Photo: John Sharkey

A Jalopnik reader from Long Island just bought a 4,400 mile Jeep Cherokee from an older owner in Queens in what is perhaps the greatest Jeep XJ barn find of our time. Prepare your feeble minds for photos of a factory-fresh Jeep Cherokee.

After his mom crashed her Subaru, John Sharkey from Long Island went on a quest to find her a Cherokee for winter duty. After a short search, he came across a clean, white, 2000 Jeep Cherokee on a Jeep For Sale/Trade Facebook page.

Photo: John Sharkey

John and his buddies drove to the seller’s house in Glendale and immediately had their minds blown when they lifted the car cover. Not only did the XJ somehow have only 4,400 miles on the odometer, but it still had original instruction stickers for various features (like the folding seats and floor jack), the original tires, an original cargo cover, and an absolutely mint interior. Oh, and there wasn’t a spec of rust. Anywhere.

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Aside from a thick coat of dust, John says the Jeep looked brand new. And judging by his pictures of the Jeep post-cleaning, he’s not lying.

Photo: John Sharkey

According to John, the woman in Queens was selling a number of cars that her late husband—who had passed away sometime around 2010—used to own, and which were now just sitting in a garage wasting away. John told me over the phone that the woman was likely around 70-years-old and probably had never owned a computer in her life; it was her middle aged neighbor who had posted the Jeep on the Facebook page to help the widow with the sale.

Photo: John Sharkey

The other cars for sale in the garage included: a 1968 Chevy Camaro, a 1972 Plymouth Duster, a 1997 Pontiac Bonneville SEEi and some sort of 1971 Pontiac. They were all in fairly decent shape minus the ’71 Pontiac (which was a bit rough), and because of their age, their rarity, or just the fact that perhaps the woman’s husband had driven them quite a bit, these other cars commanded ridiculously high prices.

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The Jeep Cherokee, however, wasn’t quite as sentimental, and was therefore dirt cheap. John didn’t tell me how much he paid, but he says he “paid a lot for a Jeep Cherokee,” which is code for “I paid more than 800 bucks, a half-eaten stick of gum and a bottle of SoCo.” The Jeep, John said, was probably just the couple’s winter vehicle that they had out of necessity and rarely drove. And because the woman walked everywhere, the Jeep was likely just forgotten in the back of the collection. She just wanted it gone.

Photo: John Sharkey

John scored a true time capsule; this thing gives Jeep XJ owners a solid idea of how the vehicle came from the factory nearly two decades ago. There’s no wear on the steering wheel or pedals, the tires (including the spare) are factory fresh, the steel wheels have zero rust, the radio still has its protective plastic, the injector harness still has tags on it, and the floor jack/lug nut wrench are in their original locations. John says “It’s literally a new car...It still smells like new car.”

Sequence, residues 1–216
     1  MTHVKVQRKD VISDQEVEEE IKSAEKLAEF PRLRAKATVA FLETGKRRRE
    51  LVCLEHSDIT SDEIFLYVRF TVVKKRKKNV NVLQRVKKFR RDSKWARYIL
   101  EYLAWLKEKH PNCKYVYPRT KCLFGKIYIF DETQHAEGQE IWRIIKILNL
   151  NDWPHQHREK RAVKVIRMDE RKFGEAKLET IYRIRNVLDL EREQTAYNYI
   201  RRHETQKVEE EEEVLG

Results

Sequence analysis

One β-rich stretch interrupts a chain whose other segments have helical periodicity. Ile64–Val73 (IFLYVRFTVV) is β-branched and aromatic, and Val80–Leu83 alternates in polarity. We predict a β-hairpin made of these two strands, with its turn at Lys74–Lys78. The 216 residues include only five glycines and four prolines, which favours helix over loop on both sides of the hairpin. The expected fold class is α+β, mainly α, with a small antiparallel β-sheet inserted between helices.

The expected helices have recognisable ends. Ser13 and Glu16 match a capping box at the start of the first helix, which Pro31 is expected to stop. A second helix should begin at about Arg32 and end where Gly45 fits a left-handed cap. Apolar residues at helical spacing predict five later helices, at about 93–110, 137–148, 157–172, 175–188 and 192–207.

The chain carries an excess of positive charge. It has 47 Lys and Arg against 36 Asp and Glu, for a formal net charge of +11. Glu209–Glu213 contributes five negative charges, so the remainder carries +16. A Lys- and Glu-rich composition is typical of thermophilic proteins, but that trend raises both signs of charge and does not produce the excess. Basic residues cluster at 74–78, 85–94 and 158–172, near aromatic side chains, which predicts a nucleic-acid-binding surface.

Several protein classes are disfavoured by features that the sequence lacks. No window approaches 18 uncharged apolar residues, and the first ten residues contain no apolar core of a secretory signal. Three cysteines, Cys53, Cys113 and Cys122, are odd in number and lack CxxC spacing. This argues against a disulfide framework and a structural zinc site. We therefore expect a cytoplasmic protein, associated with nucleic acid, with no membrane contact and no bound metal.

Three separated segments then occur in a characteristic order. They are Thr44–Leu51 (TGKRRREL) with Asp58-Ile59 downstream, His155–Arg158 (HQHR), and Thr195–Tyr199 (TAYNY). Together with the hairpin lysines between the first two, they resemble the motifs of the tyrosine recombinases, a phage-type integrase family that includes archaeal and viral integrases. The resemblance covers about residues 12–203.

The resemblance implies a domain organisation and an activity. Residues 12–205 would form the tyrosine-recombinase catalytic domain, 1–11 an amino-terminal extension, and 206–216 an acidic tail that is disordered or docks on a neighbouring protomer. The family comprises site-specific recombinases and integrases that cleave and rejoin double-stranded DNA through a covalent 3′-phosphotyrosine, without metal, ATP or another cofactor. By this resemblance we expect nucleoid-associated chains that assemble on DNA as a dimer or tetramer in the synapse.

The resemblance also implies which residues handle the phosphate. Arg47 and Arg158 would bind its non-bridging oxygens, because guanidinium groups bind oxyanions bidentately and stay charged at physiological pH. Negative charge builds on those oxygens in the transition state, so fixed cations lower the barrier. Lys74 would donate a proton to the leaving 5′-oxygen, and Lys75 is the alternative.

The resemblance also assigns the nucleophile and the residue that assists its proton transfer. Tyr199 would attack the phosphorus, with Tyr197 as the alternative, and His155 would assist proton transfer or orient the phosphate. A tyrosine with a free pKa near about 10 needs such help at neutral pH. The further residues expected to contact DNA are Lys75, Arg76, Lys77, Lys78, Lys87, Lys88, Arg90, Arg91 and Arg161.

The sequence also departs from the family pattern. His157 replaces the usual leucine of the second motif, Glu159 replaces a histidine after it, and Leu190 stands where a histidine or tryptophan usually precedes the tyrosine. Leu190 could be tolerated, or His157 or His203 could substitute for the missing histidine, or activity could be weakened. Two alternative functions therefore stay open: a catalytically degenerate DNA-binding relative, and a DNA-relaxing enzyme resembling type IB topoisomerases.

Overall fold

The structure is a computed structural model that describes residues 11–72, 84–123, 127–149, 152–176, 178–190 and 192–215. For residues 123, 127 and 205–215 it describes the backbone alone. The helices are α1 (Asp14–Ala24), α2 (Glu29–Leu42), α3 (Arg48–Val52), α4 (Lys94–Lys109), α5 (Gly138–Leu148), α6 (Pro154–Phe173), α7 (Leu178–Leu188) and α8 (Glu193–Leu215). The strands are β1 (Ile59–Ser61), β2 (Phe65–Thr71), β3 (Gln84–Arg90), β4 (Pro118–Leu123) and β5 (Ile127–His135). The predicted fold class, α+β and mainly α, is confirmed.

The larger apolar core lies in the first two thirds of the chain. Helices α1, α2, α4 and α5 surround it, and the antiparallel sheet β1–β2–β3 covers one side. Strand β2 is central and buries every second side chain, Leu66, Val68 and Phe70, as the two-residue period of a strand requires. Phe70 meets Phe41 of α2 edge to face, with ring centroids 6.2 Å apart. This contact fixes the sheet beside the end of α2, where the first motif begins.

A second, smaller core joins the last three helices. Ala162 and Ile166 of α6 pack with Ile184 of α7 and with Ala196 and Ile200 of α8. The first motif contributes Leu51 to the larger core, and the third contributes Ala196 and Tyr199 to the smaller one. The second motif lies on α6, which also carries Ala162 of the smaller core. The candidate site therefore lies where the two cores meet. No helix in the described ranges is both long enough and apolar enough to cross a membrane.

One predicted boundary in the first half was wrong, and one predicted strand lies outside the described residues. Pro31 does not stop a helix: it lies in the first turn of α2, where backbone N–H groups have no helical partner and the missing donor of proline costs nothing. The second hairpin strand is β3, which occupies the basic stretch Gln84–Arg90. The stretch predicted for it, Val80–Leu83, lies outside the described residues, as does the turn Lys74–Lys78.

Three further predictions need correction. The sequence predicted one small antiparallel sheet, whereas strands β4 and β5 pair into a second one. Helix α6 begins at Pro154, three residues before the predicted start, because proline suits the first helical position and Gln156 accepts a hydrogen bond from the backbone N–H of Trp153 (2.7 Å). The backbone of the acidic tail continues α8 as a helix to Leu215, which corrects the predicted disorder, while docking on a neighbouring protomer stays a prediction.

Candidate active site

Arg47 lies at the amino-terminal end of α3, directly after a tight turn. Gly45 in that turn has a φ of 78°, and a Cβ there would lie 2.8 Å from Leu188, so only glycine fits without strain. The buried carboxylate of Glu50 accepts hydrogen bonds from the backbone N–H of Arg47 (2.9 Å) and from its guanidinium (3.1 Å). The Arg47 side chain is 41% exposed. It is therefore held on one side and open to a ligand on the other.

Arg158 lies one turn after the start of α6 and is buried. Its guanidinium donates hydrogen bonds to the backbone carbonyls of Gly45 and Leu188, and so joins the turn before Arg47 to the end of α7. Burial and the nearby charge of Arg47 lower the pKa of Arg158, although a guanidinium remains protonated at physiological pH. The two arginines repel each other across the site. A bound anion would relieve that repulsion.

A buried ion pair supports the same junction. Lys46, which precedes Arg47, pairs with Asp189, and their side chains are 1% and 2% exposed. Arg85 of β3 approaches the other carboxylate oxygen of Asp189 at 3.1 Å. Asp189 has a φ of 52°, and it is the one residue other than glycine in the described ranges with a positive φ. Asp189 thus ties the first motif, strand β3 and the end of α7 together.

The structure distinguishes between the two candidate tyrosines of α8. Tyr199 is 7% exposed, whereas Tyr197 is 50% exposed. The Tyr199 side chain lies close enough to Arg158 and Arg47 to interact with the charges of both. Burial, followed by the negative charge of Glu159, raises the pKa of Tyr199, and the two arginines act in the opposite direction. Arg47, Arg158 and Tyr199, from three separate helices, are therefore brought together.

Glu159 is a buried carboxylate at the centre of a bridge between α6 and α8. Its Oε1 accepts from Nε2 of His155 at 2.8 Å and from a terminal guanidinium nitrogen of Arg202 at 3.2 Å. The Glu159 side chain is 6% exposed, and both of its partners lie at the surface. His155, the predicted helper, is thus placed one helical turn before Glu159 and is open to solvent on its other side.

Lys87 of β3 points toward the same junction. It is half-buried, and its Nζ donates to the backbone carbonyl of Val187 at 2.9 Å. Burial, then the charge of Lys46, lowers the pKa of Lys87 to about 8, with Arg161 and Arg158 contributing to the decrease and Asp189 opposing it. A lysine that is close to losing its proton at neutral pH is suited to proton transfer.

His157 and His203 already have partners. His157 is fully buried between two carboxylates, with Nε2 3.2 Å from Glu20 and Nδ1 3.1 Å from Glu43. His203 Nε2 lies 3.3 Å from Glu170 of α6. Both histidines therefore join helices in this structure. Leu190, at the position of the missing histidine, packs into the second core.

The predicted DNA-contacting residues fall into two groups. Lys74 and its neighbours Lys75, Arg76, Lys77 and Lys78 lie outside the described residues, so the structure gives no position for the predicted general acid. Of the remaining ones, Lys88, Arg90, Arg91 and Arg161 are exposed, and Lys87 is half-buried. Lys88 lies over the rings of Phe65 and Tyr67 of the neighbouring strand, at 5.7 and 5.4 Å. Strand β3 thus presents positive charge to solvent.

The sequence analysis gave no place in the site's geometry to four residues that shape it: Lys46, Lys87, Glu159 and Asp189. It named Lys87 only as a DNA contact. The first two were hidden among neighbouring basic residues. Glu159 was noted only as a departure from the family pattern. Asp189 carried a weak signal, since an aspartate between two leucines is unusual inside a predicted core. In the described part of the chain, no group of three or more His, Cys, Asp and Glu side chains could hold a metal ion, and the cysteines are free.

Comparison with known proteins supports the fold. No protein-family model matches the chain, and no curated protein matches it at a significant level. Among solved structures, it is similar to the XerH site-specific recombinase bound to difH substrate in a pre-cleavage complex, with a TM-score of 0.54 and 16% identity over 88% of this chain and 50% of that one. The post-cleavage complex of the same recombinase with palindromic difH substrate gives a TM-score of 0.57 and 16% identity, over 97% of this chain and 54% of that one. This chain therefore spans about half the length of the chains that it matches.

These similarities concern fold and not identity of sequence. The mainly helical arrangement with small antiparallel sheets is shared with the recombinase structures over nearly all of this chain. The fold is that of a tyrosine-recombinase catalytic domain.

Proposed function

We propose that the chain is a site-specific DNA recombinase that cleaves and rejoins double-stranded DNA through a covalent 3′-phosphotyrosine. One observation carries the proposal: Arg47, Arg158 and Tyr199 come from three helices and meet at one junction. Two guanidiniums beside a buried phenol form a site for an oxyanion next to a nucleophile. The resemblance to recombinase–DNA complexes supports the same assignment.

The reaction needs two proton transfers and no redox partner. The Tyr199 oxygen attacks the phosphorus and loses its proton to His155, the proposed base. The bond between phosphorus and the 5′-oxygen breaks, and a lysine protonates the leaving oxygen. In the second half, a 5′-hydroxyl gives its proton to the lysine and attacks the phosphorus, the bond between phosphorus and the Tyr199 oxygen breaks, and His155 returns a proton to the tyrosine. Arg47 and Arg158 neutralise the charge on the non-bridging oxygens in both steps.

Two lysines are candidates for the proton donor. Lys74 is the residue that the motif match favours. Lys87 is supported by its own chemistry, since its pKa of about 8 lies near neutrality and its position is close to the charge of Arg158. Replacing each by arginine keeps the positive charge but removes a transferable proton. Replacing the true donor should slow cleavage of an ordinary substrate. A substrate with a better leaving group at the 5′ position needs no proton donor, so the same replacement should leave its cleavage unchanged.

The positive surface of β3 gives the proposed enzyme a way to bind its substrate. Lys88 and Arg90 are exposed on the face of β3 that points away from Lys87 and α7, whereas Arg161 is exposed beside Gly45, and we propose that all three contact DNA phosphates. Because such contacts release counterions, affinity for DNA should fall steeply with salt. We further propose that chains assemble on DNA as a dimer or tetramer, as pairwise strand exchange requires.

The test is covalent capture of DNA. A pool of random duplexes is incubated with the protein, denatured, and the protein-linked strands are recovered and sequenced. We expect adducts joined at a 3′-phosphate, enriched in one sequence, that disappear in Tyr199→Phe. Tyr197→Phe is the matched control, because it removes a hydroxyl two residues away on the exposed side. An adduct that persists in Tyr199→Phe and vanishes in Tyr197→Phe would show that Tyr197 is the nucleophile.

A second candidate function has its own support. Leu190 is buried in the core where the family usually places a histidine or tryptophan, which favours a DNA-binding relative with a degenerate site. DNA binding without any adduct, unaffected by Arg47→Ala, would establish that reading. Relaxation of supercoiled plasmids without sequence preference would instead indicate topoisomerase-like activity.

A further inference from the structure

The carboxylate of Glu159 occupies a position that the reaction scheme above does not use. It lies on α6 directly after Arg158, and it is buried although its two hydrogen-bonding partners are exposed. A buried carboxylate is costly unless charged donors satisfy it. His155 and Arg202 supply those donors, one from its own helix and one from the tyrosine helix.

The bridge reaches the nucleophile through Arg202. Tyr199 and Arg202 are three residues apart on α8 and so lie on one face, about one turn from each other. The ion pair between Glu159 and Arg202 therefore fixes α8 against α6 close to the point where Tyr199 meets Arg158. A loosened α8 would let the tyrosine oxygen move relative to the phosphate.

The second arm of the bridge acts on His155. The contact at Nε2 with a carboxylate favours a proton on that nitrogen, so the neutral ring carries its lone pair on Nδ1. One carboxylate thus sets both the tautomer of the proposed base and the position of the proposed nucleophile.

God, just look at this perfect interior:

Photo: John Sharkey

Looking at the Carfax, the Jeep looks legit. It was purchased new in November of 2000, got into a little fender bender after only a week of ownership (John says the damage was likely just a rear plastic trim piece that has since been replaced), had its oil changed in 2001, and was inspected and had its registration renewed all the way until 2012.

After 2012, there’s nothing on record; John says the Jeep sat from 2012 onwards. Looking at the odometer readings over the years, it looks like the Jeep sat pretty much all the time.

John’s mom, who knows a thing or two about Jeeps, realizes that this XJ is too nice to beat on in the rough snowy roads of New York, so she wants something different. John’s plan is to sell the XJ. His asking price? $15,000. And while that sounds like a shit-ton for a Jeep Cherokee, this thing is more than just a barn find.

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Finding an old car that’s rarely been driven is awesome, but what’s even more awesome is when that car has a reputation for going over 300,000 miles on the stock powertrain. Then the car goes from just a barn find, to something that, with a couple of new seals you could easily daily-drive for the next 20 years.

Does that make it worth 15 large? I myself don’t really see tons of value in a car having low miles and only a single owner, but just look at the shape of this thing. We’ll see what happens when John puts this highly desirable XJ (a 2000 with a 4.0 and an NP 242 transfer case is a great setup for an XJ) up for sale in the next couple of weeks. I’ll bet someone will snag it.

Some more photos of the barn find XJ:

The original tires look to be in great shape. Photo: John Sharkey
Here’s how the jack and lug nut wrench sat from the factory (under the rear bench). Photo: John Sharkey
Here’s the sticker showing owners how to use the jack. Photo: John Sharkey
Look at those perfectly intact rocker panels. Photo: John Sharkey
No rock chips on the fascia! Photo: John Sharkey
Someone help me. I need this.
Oh man, those steel wheels look so nice without rust on them. Photo: John Sharkey
A headliner that isn’t sagging! Photo: John Sharkey
Look at that; original plastic on the radio (probably). Photo: John Sharkey
Photo: John Sharkey
Photo: John Sharkey
The plastic isn’t factory—they remove stuff like this before the Jeep gets to the dealer. Photo: John Sharkey
Look at that 4.0. Photo: John Sharkey
The original tires! Photo: John Sharkey
No rust! Photo: John Sharkey
No rust anywhere. Photo: John Sharkey
Still no rust! Photo: John Sharkey
Photo: John Sharkey
Photo: John Sharkey
An NP242 transfer case offers a full-time 4x4 function; it’s definitely desirable among XJers. Photo: John Sharkey